Word of the Day

Monday, April 07, 2003


\sen-SOR-ee-uhs\ , adjective;
Tending to blame, condemn, or criticize; harshly critical.
Implying or expressing harsh criticism or disapproval; as, "censorious remarks."
Another factor is the morally censorious climate in which we live -- a climate that is intolerant of eccentricity, waywardness and general lack of perfection.
-- Andrew Martin, "Class conscious", New Statesman, November 6, 2000
The world seems to become more not less censorious towards those who do not conform to its norms
-- Allan Ramsay, "Terrorism in America: Reflections from a French field", Contemporary Review, November 2001
Sometimes Byron's tone is that of a censorious eighth-grade girl, as when he reports that "Martha is not a good mixer at parties."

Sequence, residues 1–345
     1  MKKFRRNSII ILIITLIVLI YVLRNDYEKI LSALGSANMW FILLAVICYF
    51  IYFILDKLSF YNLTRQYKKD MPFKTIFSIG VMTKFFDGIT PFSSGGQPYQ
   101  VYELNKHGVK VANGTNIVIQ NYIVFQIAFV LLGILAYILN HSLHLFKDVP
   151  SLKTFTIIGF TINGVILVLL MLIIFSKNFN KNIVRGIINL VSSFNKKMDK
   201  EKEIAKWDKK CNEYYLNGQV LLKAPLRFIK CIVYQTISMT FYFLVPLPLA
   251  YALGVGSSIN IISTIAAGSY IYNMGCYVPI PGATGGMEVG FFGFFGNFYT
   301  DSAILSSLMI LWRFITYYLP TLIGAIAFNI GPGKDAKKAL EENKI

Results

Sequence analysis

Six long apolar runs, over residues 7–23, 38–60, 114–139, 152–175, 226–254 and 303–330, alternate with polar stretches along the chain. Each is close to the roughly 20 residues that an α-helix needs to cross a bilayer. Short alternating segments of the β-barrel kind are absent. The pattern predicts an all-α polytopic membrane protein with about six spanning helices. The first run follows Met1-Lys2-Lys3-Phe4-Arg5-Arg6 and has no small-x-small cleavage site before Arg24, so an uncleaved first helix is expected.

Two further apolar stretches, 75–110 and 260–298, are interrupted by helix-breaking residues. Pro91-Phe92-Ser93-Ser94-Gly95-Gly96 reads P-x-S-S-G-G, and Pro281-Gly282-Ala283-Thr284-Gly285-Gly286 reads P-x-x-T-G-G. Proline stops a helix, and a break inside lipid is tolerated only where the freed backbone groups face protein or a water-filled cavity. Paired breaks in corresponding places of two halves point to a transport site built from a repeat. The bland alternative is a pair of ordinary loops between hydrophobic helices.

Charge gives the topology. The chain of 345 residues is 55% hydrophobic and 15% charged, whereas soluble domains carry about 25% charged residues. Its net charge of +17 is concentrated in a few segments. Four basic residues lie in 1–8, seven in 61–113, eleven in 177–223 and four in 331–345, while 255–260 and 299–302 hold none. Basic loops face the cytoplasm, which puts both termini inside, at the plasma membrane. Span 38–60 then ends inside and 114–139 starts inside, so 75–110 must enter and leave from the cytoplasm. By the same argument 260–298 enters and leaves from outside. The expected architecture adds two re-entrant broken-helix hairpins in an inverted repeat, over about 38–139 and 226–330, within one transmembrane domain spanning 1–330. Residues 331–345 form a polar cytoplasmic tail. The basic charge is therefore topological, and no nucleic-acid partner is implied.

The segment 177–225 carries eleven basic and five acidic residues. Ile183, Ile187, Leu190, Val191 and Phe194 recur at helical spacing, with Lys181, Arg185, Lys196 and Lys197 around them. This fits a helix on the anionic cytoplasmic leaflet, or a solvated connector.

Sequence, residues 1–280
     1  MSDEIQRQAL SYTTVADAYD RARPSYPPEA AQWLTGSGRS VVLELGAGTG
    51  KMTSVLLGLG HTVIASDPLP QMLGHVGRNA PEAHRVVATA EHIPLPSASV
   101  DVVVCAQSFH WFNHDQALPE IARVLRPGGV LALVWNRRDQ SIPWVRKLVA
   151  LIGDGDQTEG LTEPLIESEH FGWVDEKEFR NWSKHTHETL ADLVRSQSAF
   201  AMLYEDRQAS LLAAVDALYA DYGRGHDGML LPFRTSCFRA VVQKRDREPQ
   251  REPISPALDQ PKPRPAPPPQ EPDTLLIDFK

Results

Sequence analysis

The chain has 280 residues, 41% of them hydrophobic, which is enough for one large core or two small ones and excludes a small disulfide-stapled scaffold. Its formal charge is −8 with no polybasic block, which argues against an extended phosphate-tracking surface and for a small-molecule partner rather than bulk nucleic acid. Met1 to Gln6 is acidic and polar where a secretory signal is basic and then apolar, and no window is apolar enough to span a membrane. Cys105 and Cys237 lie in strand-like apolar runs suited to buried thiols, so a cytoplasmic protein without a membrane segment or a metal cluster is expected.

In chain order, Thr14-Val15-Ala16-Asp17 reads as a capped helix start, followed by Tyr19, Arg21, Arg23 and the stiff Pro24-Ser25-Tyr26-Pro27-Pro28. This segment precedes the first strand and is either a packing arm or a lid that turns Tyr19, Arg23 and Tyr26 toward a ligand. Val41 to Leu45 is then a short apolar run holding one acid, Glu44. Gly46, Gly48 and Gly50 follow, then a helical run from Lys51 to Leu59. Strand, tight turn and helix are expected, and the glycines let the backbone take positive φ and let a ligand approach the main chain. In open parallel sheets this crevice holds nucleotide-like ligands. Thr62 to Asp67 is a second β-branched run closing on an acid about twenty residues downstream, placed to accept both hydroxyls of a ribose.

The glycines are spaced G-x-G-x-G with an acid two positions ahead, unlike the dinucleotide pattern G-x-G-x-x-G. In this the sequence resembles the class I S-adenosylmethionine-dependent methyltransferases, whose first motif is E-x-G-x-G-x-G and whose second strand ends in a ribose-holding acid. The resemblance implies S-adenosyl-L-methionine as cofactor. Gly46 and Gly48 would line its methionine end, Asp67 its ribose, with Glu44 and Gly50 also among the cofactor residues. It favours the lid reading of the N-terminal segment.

-- Caitlin Flanagan, "Home Alone", The Atlantic, September 2002
They question me, half censorious, half wistful: "And did you never want to get married yourself?"
-- Nuala O'Faolain, Are You Somebody
To this little rant of mine the Roman philosopher Seneca offers a censorious tut-tut.
-- Garret Keizer, "Sound and Fury", Harper's Magazine, March 2001
Censorious comes from Latin censorius, "pertaining to the censor," from censor, "one of two magistrates of ancient Rome responsible for taking the census and supervising morals and conduct," from censere, "to appraise, to estimate, to express an opinion."
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